"I’ll Take Your Questions Now," a new book by Stephanie Grisham, former U.S. President Donald Trump’s third White House press secretary and chief of staff to Melania Trump when she was first lady, is set to hit the shelves this week, and among the many anecdotes contained therein is one where Trump inquires about the viewing habits of President Recep Tayyip Erdoğan. Specifically, asking Turkey's leader if he had seen "Midnight Express," the infamous Oliver Stone and Alan Parker production about Billy Hayes, who was arrested for trying to smuggle hashish out of Turkey in the early 1970s and who made his escape from the prison on Imrali Island 46 years ago to the day, on Oct. 2, 1975.
Made in 1978, "Midnight Express" sensationalized the rather apologetic and self-reflecting narrative that Hayes weaves in his book by the same name authored with the help of William Hoffer – who would adopt a far less conciliatory tone when he helped Betty Mahmoody pen "Not Without My Daughter."
A recent article in the Guardian talking about the contents of Grisham's upcoming book sheds some light on the incident. Grisham reports that during a meeting with Erdoğan, Trump “asked, out of the blue, ‘Have any of you guys ever seen 'Midnight Express'?’”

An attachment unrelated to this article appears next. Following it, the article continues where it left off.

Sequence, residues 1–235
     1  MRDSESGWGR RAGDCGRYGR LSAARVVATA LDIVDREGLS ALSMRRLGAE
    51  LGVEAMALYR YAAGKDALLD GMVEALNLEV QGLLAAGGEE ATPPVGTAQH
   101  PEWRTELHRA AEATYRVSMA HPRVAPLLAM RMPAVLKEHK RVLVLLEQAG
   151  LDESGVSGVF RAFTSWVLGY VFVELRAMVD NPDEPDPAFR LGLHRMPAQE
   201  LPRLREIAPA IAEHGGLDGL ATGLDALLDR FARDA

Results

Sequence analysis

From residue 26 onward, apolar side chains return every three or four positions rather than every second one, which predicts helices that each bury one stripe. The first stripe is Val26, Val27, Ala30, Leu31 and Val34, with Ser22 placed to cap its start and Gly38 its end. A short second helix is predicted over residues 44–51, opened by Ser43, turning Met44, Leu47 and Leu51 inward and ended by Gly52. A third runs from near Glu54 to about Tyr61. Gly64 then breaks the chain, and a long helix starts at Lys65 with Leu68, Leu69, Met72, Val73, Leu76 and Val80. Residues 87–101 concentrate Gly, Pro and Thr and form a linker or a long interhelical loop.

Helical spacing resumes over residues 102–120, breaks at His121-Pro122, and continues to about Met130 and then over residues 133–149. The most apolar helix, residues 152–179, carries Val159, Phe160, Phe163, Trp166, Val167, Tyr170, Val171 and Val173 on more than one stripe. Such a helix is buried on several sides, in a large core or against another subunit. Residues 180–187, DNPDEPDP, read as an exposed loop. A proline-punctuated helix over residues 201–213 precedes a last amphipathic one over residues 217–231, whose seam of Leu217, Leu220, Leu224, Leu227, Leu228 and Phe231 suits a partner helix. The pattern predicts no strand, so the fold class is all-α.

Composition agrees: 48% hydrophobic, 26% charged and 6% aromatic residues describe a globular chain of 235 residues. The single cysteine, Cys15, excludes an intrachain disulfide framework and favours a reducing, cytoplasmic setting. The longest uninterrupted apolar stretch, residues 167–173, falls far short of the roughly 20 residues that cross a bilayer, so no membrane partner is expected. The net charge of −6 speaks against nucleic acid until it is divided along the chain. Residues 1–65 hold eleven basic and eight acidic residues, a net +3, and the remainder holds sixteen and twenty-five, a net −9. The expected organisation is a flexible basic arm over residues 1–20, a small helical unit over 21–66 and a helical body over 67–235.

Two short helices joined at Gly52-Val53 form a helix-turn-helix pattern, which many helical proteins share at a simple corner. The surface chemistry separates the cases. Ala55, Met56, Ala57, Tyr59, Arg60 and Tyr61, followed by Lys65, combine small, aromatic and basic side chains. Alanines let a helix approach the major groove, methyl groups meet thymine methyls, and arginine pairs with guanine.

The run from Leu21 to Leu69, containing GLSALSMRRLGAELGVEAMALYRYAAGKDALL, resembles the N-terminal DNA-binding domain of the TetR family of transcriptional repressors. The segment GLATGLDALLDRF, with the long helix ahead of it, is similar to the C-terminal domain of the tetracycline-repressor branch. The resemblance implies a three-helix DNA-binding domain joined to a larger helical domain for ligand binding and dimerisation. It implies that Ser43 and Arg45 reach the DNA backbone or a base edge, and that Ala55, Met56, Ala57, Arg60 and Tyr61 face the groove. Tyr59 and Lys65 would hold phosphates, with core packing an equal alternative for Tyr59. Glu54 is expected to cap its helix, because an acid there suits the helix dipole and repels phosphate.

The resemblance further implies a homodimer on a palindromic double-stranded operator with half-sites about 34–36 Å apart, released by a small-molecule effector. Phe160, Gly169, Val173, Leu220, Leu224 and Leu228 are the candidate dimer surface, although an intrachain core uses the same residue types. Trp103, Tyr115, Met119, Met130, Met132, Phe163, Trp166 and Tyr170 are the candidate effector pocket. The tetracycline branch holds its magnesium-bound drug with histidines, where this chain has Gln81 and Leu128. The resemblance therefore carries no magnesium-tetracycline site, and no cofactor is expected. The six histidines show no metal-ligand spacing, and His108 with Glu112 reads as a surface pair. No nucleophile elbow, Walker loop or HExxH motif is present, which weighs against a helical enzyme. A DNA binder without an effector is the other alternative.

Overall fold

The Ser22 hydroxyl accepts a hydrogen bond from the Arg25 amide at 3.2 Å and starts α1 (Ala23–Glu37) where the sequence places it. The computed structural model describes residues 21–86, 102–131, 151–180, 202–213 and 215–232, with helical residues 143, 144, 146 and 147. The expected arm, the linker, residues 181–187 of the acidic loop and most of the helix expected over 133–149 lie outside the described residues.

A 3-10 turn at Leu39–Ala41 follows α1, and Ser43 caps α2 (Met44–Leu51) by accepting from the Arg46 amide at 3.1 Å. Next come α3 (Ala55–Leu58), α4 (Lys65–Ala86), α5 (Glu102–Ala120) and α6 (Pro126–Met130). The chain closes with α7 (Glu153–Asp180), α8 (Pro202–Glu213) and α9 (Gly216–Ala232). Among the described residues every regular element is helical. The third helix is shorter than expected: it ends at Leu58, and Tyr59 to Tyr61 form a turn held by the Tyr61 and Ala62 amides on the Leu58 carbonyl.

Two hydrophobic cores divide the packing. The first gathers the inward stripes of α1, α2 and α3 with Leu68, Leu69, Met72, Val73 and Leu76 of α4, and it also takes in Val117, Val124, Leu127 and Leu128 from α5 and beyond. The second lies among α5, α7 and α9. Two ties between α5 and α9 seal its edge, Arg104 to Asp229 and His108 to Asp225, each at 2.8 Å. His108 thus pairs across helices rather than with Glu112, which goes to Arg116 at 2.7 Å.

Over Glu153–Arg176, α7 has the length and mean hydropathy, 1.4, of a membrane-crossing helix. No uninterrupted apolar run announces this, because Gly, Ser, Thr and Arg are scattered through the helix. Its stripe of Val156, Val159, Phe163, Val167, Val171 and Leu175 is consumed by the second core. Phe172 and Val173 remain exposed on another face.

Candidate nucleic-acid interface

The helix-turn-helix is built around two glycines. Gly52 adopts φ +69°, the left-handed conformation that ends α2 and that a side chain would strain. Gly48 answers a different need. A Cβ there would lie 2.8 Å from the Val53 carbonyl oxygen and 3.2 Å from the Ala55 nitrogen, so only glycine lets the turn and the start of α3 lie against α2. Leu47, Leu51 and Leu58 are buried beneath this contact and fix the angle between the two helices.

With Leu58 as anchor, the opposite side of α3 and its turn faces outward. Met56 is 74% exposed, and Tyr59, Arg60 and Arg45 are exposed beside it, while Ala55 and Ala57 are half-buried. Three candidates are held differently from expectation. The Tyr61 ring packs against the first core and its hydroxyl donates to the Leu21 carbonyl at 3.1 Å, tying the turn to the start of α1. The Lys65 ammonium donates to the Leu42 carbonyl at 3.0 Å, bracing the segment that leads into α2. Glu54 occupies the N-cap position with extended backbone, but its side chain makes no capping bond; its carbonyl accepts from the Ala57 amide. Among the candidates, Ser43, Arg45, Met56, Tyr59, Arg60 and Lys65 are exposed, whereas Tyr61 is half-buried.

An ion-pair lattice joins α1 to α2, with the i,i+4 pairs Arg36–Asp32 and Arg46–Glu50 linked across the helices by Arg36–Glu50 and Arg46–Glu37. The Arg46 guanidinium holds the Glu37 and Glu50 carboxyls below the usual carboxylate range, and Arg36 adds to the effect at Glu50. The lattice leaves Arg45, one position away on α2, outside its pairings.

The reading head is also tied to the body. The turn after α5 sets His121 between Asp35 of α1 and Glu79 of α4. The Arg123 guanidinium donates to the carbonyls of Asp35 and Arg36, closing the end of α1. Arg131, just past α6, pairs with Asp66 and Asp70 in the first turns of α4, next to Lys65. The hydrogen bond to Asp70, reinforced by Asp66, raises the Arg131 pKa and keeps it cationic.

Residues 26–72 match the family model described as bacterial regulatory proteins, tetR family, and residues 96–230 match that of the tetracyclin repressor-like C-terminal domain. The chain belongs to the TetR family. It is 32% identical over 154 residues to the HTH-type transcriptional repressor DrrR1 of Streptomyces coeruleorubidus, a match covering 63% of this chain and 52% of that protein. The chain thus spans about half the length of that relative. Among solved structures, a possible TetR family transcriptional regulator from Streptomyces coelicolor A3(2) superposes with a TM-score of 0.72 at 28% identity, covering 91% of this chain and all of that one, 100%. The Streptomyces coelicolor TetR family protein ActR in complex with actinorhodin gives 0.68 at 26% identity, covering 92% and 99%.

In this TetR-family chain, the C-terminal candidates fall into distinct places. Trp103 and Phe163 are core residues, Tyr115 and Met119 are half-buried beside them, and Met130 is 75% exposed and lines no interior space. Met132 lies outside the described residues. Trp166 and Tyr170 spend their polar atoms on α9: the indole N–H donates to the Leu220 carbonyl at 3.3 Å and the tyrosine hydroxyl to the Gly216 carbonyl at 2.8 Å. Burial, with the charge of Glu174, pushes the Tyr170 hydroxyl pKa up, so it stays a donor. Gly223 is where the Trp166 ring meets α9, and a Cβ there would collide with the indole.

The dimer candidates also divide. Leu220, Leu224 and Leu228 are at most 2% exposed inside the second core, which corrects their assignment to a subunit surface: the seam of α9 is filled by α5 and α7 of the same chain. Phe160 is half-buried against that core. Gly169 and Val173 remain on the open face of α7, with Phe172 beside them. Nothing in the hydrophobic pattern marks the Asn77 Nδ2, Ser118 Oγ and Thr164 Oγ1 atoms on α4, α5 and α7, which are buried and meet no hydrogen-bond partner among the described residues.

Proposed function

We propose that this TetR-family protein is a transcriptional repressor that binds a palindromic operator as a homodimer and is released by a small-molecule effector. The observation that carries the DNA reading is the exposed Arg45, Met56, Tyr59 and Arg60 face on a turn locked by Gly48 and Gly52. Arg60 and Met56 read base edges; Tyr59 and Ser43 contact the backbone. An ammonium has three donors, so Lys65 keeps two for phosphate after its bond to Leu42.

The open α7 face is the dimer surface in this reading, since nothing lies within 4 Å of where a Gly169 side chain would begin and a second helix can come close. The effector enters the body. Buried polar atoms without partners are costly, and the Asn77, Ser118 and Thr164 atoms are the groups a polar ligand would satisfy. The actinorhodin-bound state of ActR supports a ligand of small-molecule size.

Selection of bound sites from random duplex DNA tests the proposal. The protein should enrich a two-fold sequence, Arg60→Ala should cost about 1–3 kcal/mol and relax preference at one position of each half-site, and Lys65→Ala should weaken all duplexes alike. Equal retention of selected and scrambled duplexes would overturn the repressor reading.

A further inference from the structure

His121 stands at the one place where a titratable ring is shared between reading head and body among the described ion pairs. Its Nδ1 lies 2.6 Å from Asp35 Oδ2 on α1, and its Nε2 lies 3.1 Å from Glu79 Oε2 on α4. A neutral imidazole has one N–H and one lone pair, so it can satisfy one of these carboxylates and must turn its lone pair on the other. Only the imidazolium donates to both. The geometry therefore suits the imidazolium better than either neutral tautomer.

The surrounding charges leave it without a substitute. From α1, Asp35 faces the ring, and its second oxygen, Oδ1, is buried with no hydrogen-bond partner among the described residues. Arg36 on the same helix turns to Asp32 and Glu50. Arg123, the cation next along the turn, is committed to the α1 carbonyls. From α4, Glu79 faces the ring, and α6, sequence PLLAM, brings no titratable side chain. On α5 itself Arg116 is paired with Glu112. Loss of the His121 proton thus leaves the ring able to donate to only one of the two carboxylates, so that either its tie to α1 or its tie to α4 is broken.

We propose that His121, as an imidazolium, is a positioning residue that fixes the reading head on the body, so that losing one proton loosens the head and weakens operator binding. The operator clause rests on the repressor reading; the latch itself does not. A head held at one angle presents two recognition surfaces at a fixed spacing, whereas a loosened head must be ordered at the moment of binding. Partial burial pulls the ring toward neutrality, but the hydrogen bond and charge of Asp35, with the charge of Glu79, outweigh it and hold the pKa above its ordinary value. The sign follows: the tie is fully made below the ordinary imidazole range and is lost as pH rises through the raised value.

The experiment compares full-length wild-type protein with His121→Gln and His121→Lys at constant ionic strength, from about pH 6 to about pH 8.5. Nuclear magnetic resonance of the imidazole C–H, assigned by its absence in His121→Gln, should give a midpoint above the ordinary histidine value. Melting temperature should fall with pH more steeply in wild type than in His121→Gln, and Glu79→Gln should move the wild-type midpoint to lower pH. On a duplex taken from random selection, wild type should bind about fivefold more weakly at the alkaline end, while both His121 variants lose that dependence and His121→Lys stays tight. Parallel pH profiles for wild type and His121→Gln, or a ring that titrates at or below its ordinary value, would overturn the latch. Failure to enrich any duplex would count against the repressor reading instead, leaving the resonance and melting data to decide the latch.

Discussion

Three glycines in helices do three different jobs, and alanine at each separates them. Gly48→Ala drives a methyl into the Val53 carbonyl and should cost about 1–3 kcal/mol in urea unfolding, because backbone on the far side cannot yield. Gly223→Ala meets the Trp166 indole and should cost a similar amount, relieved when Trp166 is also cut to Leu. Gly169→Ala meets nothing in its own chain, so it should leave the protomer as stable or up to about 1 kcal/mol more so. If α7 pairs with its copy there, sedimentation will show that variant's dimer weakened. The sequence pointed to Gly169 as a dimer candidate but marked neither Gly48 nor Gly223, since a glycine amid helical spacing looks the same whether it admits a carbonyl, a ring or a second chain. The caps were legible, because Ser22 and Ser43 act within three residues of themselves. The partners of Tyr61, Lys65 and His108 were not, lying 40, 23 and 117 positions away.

“That’s a dark movie for you guys,” Trump reportedly said.
“There was little reaction from the delegation,” Grisham writes, “maybe a few polite chuckles, before the conversation moved on, as if the president of the United States hadn’t just blurted that out.”
The Oscar-winning film has been criticized for depicting Turks as vicious and violent and damaging the country's reputation. It was produced during a time when the U.S. itself was imposing much harsher penalties on its own citizens for crimes similar to what Hayes committed and when the country had years earlier experienced a bloody prison uprising in Attica, New York. In many ways, the film was a way to project the faults of the U.S. onto the Turkish "other." Both the film's director, Alan Parker, and its writer, Oliver Stone, have said they regret how Turkish characters in the film were portrayed.
"I loved going back to Istanbul in 2007 and connecting with the Turkish people, balancing some of the misinformation of the movie ... the U.S. is struggling to get past the right-wing thuggery of Trump. I wish Turkey well, " Hayes told Daily Sabah when asked about the revelation in Grisham's book.
Hayes currently resides in Las Vegas, Nevada, and has plans to revive his one-man show “Riding the Midnight Express With Billy Hayes" once the COVID-19 pandemic eases. Seven years ago Hayes also raised the Turkish flag above Wall Street as part of Republic Day celebrations.
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